Texas Rangers: Fool's Gold or Gritty Perseverance?

While I was gone the Texas Rangers, well, um, let's face it ... they crumbled.

Starters not making it past the fifth inning. Bullpen overworked. Bottom third of the order about as effective as BP's oil spill plans G, H and I. Four consecutive losses. Division lead kaput. Not good.

I keep applauding the Rangers for surviving the early-season storm of injuries (Ian Kinsler, Jarrod Saltalamacchia, etc.), flameouts (Chris Davis) and uncertainty (at this point U.S. Bankruptcy Judge Michael Lynn will rule sometime this month to either hand the team over to Chuck Greenberg or re-boot the entire process and open the sale to bidders.)

But in reality, have they showed guts in withstanding misforturne, or have they merely attempted to duct tape holes in a ship that will eventually, inevitably sink?

At 26-24 the Rangers are only one game out of first place in the mediocre coagulation known as the American League West. But it's a stretch to call them a good team.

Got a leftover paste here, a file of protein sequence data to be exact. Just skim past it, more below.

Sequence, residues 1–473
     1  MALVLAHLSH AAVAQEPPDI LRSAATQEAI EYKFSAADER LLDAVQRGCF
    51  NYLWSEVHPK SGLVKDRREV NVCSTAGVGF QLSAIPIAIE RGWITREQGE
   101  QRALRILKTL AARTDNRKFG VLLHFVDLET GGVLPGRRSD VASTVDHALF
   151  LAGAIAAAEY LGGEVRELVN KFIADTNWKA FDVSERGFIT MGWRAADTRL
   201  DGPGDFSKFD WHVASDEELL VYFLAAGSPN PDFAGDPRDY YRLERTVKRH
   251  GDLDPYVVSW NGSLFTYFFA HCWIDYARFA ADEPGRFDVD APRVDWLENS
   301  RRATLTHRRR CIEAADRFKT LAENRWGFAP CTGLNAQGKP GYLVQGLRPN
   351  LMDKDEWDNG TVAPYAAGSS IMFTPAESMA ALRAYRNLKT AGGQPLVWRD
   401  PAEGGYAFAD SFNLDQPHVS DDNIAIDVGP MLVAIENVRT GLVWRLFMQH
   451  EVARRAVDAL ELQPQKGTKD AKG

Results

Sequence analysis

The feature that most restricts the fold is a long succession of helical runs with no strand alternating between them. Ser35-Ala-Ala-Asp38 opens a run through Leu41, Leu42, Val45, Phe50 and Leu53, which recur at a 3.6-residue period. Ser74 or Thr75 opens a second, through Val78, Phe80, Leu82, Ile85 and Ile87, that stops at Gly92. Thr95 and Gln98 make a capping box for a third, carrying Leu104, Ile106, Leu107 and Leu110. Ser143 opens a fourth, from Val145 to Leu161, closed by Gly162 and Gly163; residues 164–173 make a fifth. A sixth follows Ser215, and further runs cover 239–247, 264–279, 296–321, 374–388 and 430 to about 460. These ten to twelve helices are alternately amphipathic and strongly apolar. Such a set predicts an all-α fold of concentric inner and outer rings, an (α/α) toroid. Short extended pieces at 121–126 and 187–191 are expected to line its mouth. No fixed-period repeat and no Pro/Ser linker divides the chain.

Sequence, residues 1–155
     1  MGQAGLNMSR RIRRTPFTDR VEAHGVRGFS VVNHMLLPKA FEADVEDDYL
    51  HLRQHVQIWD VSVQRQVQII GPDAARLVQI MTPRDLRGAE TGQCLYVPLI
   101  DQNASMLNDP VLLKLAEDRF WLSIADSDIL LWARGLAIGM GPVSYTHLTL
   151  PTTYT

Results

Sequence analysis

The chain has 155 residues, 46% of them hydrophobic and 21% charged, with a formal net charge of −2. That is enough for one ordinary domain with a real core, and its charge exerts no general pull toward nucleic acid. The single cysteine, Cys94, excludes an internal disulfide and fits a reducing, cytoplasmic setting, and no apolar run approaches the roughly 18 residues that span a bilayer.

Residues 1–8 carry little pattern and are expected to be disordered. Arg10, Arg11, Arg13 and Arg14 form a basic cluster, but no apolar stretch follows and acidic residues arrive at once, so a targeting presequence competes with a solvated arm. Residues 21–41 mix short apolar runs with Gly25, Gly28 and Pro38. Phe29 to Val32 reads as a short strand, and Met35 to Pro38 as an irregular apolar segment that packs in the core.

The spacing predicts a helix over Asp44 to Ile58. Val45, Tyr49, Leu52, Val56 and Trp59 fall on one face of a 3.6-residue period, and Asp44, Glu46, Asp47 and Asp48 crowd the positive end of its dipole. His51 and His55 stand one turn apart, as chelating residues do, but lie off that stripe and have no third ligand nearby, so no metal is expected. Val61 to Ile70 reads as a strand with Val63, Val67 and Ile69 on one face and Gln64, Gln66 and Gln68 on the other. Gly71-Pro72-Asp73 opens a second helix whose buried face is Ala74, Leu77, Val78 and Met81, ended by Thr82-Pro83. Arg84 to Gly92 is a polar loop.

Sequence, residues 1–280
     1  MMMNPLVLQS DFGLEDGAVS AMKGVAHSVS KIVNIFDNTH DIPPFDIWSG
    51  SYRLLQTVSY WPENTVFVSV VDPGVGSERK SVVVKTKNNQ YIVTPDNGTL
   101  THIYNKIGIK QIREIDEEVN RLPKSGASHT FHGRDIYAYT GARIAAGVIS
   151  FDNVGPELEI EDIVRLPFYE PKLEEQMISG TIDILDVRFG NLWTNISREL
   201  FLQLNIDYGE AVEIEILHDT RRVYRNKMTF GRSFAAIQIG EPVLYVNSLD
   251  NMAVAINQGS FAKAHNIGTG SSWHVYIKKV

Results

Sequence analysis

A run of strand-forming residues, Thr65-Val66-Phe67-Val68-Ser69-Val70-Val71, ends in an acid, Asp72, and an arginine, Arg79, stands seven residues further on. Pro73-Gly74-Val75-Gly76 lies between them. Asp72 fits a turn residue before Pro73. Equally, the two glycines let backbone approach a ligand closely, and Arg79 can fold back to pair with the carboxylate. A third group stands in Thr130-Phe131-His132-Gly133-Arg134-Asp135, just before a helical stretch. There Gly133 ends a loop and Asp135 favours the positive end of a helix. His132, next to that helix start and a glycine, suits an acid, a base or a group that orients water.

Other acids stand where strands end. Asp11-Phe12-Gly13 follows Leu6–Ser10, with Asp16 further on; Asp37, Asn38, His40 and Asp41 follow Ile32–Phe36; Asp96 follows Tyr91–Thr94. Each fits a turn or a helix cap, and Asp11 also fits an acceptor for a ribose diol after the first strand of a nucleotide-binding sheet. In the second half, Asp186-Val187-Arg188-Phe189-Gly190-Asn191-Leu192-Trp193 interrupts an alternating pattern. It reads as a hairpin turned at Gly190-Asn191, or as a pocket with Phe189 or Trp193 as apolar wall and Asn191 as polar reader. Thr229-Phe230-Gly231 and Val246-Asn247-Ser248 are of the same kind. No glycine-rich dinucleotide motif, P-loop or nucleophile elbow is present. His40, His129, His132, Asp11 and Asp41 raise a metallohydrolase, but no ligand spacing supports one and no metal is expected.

They are 19-6 against losing teams; only 7-18 against winners. And consider, at two games above .500 they'd be well behind in every other division:

AL Central - 4.5

AL East - 7

NL West - 4

NL Central - 3

NL East - 3.5

Until - and if - Greenberg and his infusion of cash arrives, just not sure how the Rangers are supposed to improve. With Nelson Cruz on the disabled list and Julio Borbon apparently not ready for Major League pitching, the Rangers' commendable early-season survival might be about to crash into an early-summer disaster.

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